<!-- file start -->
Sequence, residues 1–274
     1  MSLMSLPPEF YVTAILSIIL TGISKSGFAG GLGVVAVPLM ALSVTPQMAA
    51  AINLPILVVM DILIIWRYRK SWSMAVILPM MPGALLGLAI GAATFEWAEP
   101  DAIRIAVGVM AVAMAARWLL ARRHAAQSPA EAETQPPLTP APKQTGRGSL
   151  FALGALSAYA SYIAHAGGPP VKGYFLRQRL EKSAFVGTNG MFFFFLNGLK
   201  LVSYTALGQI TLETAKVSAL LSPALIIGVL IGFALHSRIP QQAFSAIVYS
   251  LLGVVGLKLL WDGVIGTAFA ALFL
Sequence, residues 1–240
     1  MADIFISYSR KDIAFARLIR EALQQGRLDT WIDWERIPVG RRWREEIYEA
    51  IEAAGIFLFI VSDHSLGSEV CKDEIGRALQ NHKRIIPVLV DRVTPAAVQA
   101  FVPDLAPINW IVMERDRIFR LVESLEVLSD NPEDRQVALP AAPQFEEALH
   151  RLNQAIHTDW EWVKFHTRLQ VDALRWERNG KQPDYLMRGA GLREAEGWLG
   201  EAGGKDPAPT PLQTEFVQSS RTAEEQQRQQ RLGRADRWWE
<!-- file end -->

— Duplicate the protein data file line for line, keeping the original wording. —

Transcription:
Sequence, residues 1–274
     1  MSLMSLPPEF YVTAILSIIL TGISKSGFAG GLGVVAVPLM ALSVTPQMAA
    51  AINLPILVVM DILIIWRYRK SWSMAVILPM MPGALLGLAI GAATFEWAEP
   101  DAIRIAVGVM AVAMAARWLL ARRHAAQSPA EAETQPPLTP APKQTGRGSL
   151  FALGALSAYA SYIAHAGGPP VKGYFLRQRL EKSAFVGTNG MFFFFLNGLK
   201  LVSYTALGQI TLETAKVSAL LSPALIIGVL IGFALHSRIP QQAFSAIVYS
   251  LLGVVGLKLL WDGVIGTAFA ALFL
Sequence, residues 1–240
     1  MADIFISYSR KDIAFARLIR EALQQGRLDT WIDWERIPVG RRWREEIYEA
    51  IEAAGIFLFI VSDHSLGSEV CKDEIGRALQ NHKRIIPVLV DRVTPAAVQA
   101  FVPDLAPINW IVMERDRIFR LVESLEVLSD NPEDRQVALP AAPQFEEALH
   151  RLNQAIHTDW EWVKFHTRLQ VDALRWERNG KQPDYLMRGA GLREAEGWLG
   201  EAGGKDPAPT PLQTEFVQSS RTAEEQQRQQ RLGRADRWWE